Page:Vol 4 History of Mexico by H H Bancroft.djvu/814

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communication between the capital and the insurgent army, and in the hope of effecting a peaceable reconciliation. But a conciliatory line of action in no way tended to avert the catastrophe. He consented to the immediate convocation of a new congress;[1] a dividing line between the troops was agreed upon; and a stipulation made that both sides should await the inauguration of the national assembly without further action and abide by its decision. But these arrangements were little conducive to Iturbide's advantage, nor even carefully adhered to, emissaries being despatched all over the country advocating the new movement. Moreover, the revolutionists were in no haste; their cause was making rapid headway, and a little delay was actual gain to them, while to Iturbide they foresaw that it would be fatal. The falling emperor also fully recognized this; he saw the mistake he had made in not having taken measures to assemble congress at the earliest possible date, when it might still have been largely composed of adherents of his own; and several times he expressed his desire for a personal interview with the chiefs, in the hope of settling matters. But they would hold no conference with him.[2] To await the slow work of assembling a congress would be certain defeat, for its composition would be mainly of members hostile to him. Two courses remained: either to reinstall the dissolved congress, or lay aside his imperial title, and, adopting the plan of Casa Mata, place himself at the head of the revolution, as invited to do.[3] The latter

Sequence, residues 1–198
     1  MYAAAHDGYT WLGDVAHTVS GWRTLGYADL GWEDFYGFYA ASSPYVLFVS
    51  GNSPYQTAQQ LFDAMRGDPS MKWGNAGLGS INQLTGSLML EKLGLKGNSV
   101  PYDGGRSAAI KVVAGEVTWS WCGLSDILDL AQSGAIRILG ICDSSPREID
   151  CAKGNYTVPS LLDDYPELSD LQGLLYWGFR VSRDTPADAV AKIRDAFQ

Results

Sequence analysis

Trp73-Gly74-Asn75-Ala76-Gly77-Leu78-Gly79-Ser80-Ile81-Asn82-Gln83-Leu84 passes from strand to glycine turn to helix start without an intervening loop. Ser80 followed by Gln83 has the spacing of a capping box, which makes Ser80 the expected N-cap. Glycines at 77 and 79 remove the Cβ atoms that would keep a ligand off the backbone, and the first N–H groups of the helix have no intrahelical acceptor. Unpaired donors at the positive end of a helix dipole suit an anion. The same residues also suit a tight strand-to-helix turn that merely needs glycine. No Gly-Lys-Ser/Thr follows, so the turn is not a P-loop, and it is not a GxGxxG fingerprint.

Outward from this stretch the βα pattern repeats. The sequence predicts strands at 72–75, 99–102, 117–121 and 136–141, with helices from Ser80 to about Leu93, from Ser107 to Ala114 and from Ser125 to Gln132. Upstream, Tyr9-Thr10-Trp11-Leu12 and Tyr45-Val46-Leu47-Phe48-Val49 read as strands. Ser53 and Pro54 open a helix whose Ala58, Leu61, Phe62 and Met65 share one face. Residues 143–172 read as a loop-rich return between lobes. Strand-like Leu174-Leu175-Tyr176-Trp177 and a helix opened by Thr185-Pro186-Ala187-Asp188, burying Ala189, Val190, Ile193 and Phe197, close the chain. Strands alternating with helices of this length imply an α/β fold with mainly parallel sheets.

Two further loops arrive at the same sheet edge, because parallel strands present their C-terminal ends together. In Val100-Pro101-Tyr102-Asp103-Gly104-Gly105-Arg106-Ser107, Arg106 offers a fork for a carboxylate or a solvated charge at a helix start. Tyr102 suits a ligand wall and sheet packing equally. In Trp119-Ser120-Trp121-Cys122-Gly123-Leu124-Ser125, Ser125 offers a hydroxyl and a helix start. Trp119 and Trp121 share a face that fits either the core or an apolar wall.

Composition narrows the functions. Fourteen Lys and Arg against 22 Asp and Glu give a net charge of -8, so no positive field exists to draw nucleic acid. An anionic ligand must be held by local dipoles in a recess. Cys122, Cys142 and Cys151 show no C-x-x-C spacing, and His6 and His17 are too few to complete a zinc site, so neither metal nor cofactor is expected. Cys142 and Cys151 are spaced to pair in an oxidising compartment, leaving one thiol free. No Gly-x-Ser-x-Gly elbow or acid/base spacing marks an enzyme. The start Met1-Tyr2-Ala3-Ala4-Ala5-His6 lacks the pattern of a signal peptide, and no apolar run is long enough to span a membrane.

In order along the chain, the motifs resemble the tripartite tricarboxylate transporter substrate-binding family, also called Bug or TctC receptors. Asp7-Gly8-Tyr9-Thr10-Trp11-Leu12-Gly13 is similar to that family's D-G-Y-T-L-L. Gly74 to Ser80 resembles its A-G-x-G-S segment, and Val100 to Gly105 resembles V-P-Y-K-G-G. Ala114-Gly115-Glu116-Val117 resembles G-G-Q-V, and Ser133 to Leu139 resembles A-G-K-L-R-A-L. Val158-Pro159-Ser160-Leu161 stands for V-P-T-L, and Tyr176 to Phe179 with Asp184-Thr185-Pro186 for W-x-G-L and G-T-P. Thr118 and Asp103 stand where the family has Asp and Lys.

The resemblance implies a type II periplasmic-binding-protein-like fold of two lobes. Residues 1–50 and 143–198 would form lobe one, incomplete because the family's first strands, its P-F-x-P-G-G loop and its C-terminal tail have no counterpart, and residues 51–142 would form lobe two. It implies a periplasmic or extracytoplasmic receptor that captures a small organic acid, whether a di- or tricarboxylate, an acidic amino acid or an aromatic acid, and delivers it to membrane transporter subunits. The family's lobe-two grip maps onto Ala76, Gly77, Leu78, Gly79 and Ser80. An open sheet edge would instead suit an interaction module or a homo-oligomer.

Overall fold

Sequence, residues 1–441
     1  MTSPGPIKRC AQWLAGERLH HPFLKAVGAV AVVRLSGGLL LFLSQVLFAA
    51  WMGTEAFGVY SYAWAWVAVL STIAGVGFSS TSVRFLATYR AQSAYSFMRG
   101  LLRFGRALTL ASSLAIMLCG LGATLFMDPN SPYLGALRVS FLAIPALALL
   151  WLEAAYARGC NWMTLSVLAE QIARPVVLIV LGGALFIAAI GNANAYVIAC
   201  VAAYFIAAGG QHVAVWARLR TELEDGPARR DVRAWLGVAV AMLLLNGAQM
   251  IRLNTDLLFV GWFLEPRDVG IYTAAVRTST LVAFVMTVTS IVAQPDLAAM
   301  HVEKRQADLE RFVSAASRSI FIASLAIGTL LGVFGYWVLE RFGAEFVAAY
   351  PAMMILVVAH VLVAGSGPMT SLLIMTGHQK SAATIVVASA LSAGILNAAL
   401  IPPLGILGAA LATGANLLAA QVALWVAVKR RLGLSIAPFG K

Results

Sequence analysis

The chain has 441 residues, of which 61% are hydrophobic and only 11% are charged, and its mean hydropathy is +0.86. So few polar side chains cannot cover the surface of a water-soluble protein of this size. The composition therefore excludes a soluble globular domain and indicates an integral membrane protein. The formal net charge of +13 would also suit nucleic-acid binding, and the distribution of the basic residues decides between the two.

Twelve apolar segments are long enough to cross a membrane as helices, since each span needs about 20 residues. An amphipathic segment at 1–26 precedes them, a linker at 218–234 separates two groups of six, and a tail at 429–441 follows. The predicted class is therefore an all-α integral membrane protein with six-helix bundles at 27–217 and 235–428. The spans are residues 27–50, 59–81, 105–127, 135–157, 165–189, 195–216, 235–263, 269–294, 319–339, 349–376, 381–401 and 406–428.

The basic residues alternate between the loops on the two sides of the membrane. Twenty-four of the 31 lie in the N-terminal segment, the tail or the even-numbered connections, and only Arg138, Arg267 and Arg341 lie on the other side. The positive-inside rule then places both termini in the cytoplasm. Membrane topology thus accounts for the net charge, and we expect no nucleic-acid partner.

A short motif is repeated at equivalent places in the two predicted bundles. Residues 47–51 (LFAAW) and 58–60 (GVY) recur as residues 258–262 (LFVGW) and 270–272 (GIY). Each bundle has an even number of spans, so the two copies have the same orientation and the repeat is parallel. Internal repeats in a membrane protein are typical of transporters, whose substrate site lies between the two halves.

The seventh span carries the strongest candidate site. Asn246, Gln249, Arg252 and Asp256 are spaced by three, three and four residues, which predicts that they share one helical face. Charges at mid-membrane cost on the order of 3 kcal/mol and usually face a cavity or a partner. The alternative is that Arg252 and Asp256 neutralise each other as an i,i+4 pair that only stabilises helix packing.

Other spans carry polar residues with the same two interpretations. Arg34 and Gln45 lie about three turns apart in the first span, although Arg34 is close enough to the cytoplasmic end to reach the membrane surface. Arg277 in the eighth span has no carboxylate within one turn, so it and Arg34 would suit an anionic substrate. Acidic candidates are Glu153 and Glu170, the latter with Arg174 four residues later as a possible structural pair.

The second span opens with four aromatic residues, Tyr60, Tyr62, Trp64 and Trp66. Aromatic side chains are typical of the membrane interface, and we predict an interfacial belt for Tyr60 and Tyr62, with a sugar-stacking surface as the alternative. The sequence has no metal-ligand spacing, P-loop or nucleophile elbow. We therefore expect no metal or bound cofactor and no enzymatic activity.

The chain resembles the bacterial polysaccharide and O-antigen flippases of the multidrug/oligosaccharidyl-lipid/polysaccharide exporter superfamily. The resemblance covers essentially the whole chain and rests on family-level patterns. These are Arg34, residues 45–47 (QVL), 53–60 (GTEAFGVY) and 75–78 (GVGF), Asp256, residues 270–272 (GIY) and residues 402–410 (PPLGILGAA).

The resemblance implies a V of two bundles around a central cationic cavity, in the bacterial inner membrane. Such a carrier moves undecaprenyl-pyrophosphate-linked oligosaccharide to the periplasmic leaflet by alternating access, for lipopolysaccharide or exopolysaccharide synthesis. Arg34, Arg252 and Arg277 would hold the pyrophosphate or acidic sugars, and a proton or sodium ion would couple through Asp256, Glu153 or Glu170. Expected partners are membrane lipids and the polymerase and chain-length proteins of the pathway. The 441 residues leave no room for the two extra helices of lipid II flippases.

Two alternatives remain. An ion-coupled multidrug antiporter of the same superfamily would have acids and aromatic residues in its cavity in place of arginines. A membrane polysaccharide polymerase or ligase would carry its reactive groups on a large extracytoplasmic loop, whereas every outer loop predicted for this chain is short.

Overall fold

1. The convocatoria had already been drawn up at the beginning of the preceding December, and was now to be put in circulation. Iturbide, Manifiesto, 55. A draft of a constitution had also been prepared, Mex. Proyecto Constitucion, 40, as also one for the provisional regulation of the government during the mean time. Mex. Proyecto Regl. Polit., p. 34.
  2. He says that they were ashamed to meet him: 'El delito les retraia, y los confundia su ingratitud.' Iturbide, Manifesto, 60.
  3. He was invited to do this by many of the principal leaders, among whom he mentions the names of Negrete, Vivanco, and Cortazar. He remarks that if ambition had been his aim, by accepting this proposal and retaining the command, time would have afforded him a thousand opportunities of exercising it to his own pleasure. Id., 65.